The coronavirus pandemic, Black Lives Matter protests and a looming election have brought long-simmering conflicts between tech platforms and President Trump to a boil, as Facebook, Twitter and other services are starting to take presidential misinformation seriously.
What's happening: Wary of becoming arbiters of political speech, tech's platforms have carved out a range of exceptions and immunities for Trump and other political leaders — but that accommodation is coming undone.
Facebook must do better to protect women in politics, who face a barrage of sexism, hate and harassment on the platform, members of the Democratic Women Caucus including House Speaker Nancy Pelosi wrote to the social network Thursday.
Context: Facebook, under heavy scrutiny for misinformation, privacy and antitrust concerns, recently kept a doctored video of Pelosi up, though fact checkers labeled it as "partly false." The platform came under fire for not removing a doctored video of Pelosi in 2019 as well.
The strange realities of 2020 have perfectly played to the kind of fear QAnon thrives on, driving record online interest in the conspiracy theory.
Why it matters: QAnon is not just one fringe conspiracy theory — it's a sprawling network of falsehoods that's seeping into the mainstream. Its growing influence is sowing fear and confusion around some of today's most important issues, such as election integrity and the coronavirus pandemic.
The QAnon conspiracy is picking up steam abroad, particularly in Europe, where populist movements are on the rise.
Why it matters: "The U.S. has started exporting these domestic-in-origin conspiracy movements to the outside world, "says Zarine Kharazian, Assistant Editor at the Atlantic Council's Digital Forensic Research Lab.
A group whose members include Adobe, Twitter and the New York Times Monday offered a plan for restoring trust in photos and video in the face of a rising tide of digital fakery.
Why it matters: Deepfakes — images manipulated or generated by AI in a deceptive way — undermine trust both by tricking people into thinking phony images or videos are real and by making them doubt the veracity of real imagery.
Twitter temporarily prevented Donald Trump Jr. from tweeting and retweeting on Tuesday after the president's son shared coronavirus-related misinformation.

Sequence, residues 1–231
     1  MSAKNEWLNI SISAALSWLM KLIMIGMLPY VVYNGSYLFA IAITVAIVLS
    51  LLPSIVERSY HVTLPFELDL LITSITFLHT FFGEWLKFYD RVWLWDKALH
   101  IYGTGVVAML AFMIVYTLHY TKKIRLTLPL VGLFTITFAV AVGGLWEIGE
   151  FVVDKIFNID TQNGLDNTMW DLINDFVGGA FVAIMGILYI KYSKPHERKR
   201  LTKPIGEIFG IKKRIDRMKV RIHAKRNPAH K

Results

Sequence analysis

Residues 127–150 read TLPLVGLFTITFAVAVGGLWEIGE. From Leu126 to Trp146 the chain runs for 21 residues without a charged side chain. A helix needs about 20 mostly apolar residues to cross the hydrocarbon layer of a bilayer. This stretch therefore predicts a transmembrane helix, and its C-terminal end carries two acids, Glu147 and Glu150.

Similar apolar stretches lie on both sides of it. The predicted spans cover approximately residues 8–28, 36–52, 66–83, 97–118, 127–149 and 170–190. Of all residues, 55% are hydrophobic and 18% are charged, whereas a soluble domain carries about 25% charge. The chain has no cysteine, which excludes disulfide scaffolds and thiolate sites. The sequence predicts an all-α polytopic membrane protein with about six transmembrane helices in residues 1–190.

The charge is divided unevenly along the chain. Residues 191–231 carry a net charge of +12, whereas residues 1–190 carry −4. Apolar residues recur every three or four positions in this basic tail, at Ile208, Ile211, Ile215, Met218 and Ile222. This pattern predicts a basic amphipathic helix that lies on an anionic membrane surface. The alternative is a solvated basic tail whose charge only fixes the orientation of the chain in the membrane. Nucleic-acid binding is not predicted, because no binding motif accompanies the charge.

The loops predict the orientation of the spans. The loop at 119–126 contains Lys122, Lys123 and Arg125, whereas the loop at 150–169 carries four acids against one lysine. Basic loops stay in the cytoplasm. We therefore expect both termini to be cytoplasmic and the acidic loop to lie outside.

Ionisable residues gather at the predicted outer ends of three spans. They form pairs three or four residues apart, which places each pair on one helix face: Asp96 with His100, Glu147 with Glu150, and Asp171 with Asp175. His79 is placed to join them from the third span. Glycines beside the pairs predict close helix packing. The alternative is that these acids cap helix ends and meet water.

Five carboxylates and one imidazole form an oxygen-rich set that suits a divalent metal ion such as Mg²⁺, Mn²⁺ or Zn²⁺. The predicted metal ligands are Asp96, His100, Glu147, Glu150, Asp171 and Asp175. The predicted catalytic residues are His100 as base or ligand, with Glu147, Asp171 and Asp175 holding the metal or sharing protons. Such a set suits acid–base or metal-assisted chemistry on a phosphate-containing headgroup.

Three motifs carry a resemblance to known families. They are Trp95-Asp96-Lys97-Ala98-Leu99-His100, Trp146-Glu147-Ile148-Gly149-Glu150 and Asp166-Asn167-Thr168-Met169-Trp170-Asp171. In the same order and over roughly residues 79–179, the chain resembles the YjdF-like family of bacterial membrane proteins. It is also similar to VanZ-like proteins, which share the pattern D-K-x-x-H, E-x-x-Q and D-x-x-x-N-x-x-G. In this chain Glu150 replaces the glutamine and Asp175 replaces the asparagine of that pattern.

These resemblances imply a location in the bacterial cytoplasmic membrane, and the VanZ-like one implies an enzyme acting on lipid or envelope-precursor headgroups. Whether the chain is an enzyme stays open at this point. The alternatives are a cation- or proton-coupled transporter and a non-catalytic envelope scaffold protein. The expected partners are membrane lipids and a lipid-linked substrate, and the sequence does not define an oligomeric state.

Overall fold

Why it matters: The 12-hour hold — set off by a video touting hydroxychloroquine — is one of the toughest moves yet against a member of the Trump inner circle by the social media platform.
Facebook Tuesday added a label — directing users to electoral information — to a post by President Donald Trump that criticizes mail-in voting.
Why it matters: The move follows through on a promise by Facebook to label all posts from political candidates that mention voting. The company wants to show it will apply the new rules equally to everyone, including Trump. It has added similar links to posts from Democratic presidential candidate Joe Biden.
A new report outlines how miscalculations and misinformation on Twitter could lead to global war.
Why it matters: Social media platforms like Twitter have vastly accelerated the pace of communication. Without restraints, it's far too easy to imagine how errant tweets could cause international disputes to escalate out of control.
An international coalition of news and tech companies, including the AP, The Washington Post, Facebook and others, is partnering with a different coalition led by the BBC, CBC/Radio-Canada, Microsoft and The New York Times called Project Origin to fight fake news during the U.S. election.
How it works: The project aims to place digital watermarks on media originating from authentic content creators. The watermark will degrade when content has been manipulated. The verification system will be deployed in the month leading up to the U.S. election.
Platforms including Reddit, Twitter, Facebook and YouTube have been playing host to a baseless conspiracy theory that picked up steam over the weekend claiming that furniture e-tailer Wayfair is a front for human trafficking.
Why it matters: The claims caught fire among QAnon, the online group that believes President Trump is fighting a secret war against deep-state pedophiles. Since beginning in 2017, QAnon has moved slowly toward mainstream notice, and a number of supporters of the fringe belief system are now running for Congress.